Re: S80 Ground Checks

From:         Jay Selman <avfoto@ix.netcom.com>
Organization: Avion Foto
Date:         09 Apr 96 14:22:49 
References:   1
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M.Misener@freenet.hamilton.on.ca (Mark Misener) wrote:
>Last week I was on an American Airlines S80 Chicago to San Diego (and
>return). I noticed that the ground crew were putting up ladders against
>the leading edge of the wing near the wing-root, and were running some
>kind of plastic brush, or something back and forth (from lead edge to
>trail edge). I couldn't see exactly what they were doing from where I was
>sitting, but, I've been on plenty of flights, and I don't recall seeing
>anyhting like it before. On top of that, I was talking to a friend of
>mine, and he said that he was also on an S80 recently, and observed the
>same thing. He also mentioned that he noticed a parked S80 with the skins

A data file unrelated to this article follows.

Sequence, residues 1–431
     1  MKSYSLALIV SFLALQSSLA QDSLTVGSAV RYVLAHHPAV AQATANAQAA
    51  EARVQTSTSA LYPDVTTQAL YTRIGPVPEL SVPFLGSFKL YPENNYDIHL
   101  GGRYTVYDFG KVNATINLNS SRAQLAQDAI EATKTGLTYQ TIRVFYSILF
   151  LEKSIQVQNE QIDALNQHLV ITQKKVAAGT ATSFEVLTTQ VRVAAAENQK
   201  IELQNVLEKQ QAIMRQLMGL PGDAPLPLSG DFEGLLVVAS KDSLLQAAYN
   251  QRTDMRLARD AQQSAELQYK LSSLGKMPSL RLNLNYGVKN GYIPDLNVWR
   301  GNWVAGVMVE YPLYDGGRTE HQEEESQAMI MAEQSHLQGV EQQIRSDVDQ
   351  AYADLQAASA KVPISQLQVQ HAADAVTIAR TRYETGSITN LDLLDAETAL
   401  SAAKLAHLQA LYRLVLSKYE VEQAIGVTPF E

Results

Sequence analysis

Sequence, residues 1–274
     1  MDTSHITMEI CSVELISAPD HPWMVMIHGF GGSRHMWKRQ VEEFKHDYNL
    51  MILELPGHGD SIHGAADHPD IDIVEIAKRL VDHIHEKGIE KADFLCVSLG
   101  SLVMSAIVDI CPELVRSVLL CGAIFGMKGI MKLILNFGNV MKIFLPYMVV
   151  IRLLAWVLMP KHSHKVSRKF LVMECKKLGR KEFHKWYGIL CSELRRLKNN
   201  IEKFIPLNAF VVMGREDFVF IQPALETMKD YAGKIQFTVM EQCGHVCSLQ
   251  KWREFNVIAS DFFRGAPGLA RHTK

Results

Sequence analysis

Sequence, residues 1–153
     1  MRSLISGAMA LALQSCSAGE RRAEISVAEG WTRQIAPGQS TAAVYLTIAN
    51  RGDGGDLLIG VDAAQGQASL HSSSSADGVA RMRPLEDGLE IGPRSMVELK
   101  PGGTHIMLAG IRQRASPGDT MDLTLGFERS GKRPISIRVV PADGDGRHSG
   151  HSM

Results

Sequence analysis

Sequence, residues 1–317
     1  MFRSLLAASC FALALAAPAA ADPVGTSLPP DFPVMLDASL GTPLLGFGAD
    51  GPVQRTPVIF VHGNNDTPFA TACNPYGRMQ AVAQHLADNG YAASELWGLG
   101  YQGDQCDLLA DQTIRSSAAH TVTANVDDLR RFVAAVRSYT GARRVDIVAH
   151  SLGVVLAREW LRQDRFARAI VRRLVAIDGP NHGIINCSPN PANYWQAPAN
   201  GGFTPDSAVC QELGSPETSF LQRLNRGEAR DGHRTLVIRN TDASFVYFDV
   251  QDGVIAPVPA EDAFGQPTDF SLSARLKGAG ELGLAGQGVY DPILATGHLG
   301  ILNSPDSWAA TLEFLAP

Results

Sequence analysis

>removed at the wing-roots. Does anyone know what was going on?

The "Mad Dogs" (MD-80 series) has a wing which contains fuel tanks quite
close to the skin of the wing.  For this reason, they have a habit of
collecting ice on the wings which can remain long after the aircraft has
landed.  Therefore, it is routine for someone (usually mechanics or
pilots) to use a ladder to check the top of the wing on each landing to
check for ice, and remove the same using the aforementioned broom.  This
is S.O.P.  This is also why a Mad Dog often needs deicing when the
temperature is far above freezing.  Removing the skin at the wing-root is
definitely NOT part of routine transient check...no idea what that was all
about.

--
Jay Selman
unclejay@aol.com
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